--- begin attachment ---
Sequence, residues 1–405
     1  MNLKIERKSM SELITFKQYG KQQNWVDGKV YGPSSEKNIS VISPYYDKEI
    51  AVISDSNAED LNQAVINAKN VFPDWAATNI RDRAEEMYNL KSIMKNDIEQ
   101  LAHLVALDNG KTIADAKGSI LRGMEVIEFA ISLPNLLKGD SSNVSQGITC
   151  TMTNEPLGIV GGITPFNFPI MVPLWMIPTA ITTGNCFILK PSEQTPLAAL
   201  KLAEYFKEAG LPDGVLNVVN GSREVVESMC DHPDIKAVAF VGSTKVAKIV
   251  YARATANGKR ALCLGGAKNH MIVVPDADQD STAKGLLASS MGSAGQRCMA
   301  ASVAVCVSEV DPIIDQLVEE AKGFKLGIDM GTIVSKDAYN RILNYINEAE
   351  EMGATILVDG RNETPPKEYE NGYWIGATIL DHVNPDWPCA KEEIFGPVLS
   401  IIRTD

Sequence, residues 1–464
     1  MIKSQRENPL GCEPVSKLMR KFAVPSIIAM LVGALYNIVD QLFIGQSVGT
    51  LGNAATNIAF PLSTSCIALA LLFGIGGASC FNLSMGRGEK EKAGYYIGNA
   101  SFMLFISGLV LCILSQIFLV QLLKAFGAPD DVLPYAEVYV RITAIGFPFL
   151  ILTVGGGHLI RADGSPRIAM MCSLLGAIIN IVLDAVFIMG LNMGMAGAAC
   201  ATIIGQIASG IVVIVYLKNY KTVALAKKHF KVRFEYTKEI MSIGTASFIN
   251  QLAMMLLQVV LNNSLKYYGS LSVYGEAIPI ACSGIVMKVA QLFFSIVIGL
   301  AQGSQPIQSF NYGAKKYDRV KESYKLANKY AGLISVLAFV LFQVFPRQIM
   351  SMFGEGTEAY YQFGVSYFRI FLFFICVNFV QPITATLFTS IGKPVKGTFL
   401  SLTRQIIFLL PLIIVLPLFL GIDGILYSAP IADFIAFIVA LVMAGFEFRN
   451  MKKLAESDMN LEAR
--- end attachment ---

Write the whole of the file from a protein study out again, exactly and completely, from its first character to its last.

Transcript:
Sequence, residues 1–405
     1  MNLKIERKSM SELITFKQYG KQQNWVDGKV YGPSSEKNIS VISPYYDKEI
    51  AVISDSNAED LNQAVINAKN VFPDWAATNI RDRAEEMYNL KSIMKNDIEQ
   101  LAHLVALDNG KTIADAKGSI LRGMEVIEFA ISLPNLLKGD SSNVSQGITC
   151  TMTNEPLGIV GGITPFNFPI MVPLWMIPTA ITTGNCFILK PSEQTPLAAL
   201  KLAEYFKEAG LPDGVLNVVN GSREVVESMC DHPDIKAVAF VGSTKVAKIV
   251  YARATANGKR ALCLGGAKNH MIVVPDADQD STAKGLLASS MGSAGQRCMA
   301  ASVAVCVSEV DPIIDQLVEE AKGFKLGIDM GTIVSKDAYN RILNYINEAE
   351  EMGATILVDG RNETPPKEYE NGYWIGATIL DHVNPDWPCA KEEIFGPVLS
   401  IIRTD

Sequence, residues 1–464
     1  MIKSQRENPL GCEPVSKLMR KFAVPSIIAM LVGALYNIVD QLFIGQSVGT
    51  LGNAATNIAF PLSTSCIALA LLFGIGGASC FNLSMGRGEK EKAGYYIGNA
   101  SFMLFISGLV LCILSQIFLV QLLKAFGAPD DVLPYAEVYV RITAIGFPFL
   151  ILTVGGGHLI RADGSPRIAM MCSLLGAIIN IVLDAVFIMG LNMGMAGAAC
   201  ATIIGQIASG IVVIVYLKNY KTVALAKKHF KVRFEYTKEI MSIGTASFIN
   251  QLAMMLLQVV LNNSLKYYGS LSVYGEAIPI ACSGIVMKVA QLFFSIVIGL
   301  AQGSQPIQSF NYGAKKYDRV KESYKLANKY AGLISVLAFV LFQVFPRQIM
   351  SMFGEGTEAY YQFGVSYFRI FLFFICVNFV QPITATLFTS IGKPVKGTFL
   401  SLTRQIIFLL PLIIVLPLFL GIDGILYSAP IADFIAFIVA LVMAGFEFRN
   451  MKKLAESDMN LEAR